A US study in the Christmas issue of The BMJ today finds "insidious, persistent, and sometimes blatant" manifestations of discrimination experienced by physicians based specifically on their status as mothers.
While some of the experiences are consistent with those reported by women across professions, there are unique aspects of medical training and the medical profession that exacerbate maternal discrimination, say the researchers.
They call for structural changes that address pregnancy, parental leave, and childcare to mitigate the impacts of maternal discrimination in medicine.
The majority of medical student entrants are women, and recent studies suggest that women physicians may have better patient outcomes than their male counterparts. Yet there is compelling evidence of gender inequity in medicine.
Women physicians (around 80% of whom are or will become mothers) also report experiencing "maternal discrimination" based specifically on their role as a mother. Yet very little is known about this type of discrimination or its impact.
So a team of US researchers led by Eleni Linos at the University of California San Francisco, set out to identify ways in which women doctors experience this maternal discrimination.
They surveyed an online community of women who identified as medical mothers.
Mean age was 39 years (range 24-62), median number of children was 2, 74% were White, 12% were Asian, 8% were Hispanic or Latina, and 5% were Black. Most worked more than 40 hours per week.
They included questions about demographics, physical and reproductive health, perceived discrimination, potential workplace changes, and burnout.
Responses were reviewed and combined into themes which were used to create a conceptual model to illustrate the extent and nature of maternal discrimination in the medical workplace.
Emerging themes included varying expectations of performance (both higher and lower), fewer opportunities for career development, financial differences, lack of support before and after birth, and difficulties achieving life-work balance.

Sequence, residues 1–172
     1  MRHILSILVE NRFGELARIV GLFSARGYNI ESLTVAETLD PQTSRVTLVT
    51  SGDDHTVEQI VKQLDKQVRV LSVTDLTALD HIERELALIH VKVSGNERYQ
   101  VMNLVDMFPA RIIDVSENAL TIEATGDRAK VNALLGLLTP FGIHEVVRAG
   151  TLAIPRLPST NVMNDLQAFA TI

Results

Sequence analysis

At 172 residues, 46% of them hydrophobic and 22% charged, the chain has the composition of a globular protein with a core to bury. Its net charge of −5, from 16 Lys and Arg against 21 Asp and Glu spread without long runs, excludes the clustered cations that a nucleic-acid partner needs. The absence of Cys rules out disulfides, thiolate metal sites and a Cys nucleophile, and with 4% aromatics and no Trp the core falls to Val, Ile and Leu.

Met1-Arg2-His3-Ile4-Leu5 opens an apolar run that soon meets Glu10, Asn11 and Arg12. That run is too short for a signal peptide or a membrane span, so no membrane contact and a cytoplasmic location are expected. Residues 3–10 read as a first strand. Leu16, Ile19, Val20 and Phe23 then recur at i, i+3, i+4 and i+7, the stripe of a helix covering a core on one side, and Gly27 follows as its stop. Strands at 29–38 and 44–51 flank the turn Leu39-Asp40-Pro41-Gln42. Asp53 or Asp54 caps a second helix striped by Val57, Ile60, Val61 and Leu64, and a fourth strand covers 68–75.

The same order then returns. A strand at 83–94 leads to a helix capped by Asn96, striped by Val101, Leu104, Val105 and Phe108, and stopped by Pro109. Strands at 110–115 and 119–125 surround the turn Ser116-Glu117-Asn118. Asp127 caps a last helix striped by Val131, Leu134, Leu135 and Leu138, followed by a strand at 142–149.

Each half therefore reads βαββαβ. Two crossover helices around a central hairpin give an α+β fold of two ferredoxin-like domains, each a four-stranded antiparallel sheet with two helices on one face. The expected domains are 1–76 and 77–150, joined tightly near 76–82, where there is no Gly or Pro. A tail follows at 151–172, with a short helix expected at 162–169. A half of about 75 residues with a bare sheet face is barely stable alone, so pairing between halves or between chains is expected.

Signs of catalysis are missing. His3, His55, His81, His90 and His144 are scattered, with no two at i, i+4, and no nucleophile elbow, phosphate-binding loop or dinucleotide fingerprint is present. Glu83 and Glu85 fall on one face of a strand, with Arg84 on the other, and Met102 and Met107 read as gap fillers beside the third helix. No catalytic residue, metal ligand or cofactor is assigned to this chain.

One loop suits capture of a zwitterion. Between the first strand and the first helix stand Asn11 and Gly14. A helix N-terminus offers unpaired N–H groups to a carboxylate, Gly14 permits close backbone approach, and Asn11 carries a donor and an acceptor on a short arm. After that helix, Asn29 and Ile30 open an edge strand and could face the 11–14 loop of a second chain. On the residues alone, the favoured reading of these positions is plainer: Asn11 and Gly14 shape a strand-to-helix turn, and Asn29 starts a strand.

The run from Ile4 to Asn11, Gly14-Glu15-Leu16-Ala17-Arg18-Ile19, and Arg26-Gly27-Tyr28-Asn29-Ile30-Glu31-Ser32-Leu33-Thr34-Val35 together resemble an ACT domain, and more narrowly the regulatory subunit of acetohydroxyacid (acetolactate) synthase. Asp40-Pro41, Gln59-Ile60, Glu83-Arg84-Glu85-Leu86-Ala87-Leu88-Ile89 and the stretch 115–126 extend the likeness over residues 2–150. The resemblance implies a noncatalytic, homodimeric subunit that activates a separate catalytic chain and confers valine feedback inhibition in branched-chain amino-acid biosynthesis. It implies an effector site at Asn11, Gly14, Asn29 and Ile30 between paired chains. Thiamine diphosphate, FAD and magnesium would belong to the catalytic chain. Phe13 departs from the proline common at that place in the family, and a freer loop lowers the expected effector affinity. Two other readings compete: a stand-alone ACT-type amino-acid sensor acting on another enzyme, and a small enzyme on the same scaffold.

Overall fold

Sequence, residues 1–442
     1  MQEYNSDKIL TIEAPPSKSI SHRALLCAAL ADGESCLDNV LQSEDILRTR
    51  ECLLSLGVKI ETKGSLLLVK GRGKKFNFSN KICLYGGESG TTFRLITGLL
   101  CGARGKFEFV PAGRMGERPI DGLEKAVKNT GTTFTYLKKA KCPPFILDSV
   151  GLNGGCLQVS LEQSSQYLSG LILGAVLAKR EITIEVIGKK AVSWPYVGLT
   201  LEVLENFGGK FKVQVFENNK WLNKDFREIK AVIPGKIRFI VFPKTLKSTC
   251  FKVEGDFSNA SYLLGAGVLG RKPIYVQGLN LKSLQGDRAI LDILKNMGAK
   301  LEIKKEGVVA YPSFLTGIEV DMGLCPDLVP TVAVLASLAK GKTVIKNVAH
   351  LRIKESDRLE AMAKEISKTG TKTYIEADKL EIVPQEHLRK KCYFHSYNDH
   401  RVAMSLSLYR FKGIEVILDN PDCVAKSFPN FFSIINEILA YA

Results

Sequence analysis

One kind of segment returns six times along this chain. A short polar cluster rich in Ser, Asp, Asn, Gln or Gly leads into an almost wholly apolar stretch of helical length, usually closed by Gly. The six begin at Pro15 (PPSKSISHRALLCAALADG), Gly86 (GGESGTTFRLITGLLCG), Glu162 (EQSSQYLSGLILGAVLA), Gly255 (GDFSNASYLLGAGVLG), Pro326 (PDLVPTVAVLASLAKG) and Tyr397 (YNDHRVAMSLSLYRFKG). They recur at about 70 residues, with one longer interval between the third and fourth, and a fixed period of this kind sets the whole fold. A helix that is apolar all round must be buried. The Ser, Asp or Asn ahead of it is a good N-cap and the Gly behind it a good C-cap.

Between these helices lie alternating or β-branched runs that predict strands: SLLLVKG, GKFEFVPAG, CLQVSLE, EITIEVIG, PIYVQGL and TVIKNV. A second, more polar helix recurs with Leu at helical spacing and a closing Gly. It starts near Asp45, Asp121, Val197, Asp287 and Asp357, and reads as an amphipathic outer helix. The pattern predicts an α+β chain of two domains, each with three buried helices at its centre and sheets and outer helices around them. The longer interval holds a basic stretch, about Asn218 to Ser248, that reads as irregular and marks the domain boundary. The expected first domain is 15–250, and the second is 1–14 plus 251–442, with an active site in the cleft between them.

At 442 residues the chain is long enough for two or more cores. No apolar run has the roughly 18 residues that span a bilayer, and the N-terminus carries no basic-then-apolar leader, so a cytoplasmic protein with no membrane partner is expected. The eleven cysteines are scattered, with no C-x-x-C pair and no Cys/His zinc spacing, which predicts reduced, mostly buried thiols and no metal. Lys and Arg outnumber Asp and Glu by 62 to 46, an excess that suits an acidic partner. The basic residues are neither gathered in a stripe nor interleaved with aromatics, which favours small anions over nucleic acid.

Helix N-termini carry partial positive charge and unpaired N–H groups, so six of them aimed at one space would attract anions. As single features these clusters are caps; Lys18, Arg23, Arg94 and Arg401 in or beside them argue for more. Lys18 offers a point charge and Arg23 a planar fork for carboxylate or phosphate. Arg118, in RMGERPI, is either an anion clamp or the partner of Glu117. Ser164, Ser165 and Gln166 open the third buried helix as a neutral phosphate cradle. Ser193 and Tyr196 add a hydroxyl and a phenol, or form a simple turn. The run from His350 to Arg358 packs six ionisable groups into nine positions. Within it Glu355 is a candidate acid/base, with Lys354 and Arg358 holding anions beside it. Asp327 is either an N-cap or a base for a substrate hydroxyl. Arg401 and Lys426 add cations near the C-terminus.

For example, participants described being denied earned salary increases or bonuses due to maternity leave (despite reaching or exceeding productivity goals), being passed over for leadership roles in favor of colleagues perceived as less qualified, or having their contracts grossly modified or terminated in response to announcing a pregnancy or when returning from maternity leave.
Participants also described ways in which the culture and structure of the medical workplace perpetuated maternal discrimination. These included policies and procedures that limit maternity leave, the lack of coverage and flexibility in physician schedules, the lack of physical space and time to breastfeed or pump milk, and the long (and often overnight) work hours generally required of physicians.
Reported effects of maternal discrimination included extreme stress due to work and family demands and financial instability, forcing some women to give up full-time work or leave the profession altogether.
The researchers point to some limitations that could have influenced their results, and say the findings "should be viewed as preliminary."
But they conclude: "As we strive to build more equitable workplaces, our findings suggest that challenging norms around motherhood in the medical workplace, as well as structural changes that address pregnancy, parental leave, and childcare, are needed in order to mitigate the impacts of maternal discrimination in medicine."
In a linked editorial, Kate Lovett, Dean at the Royal College of Psychiatrists in London, says further work to understand this complex area of human behaviour is needed.
However, she points out that, as long as parenthood is seen as a women's issue rather than an issue for us all, "maternal discrimination will remain unresolved."
As both men and women "lean in" on the domestic and work front, "we need to understand how we can support each other in equal relationships both inside and outside of work," she concludes.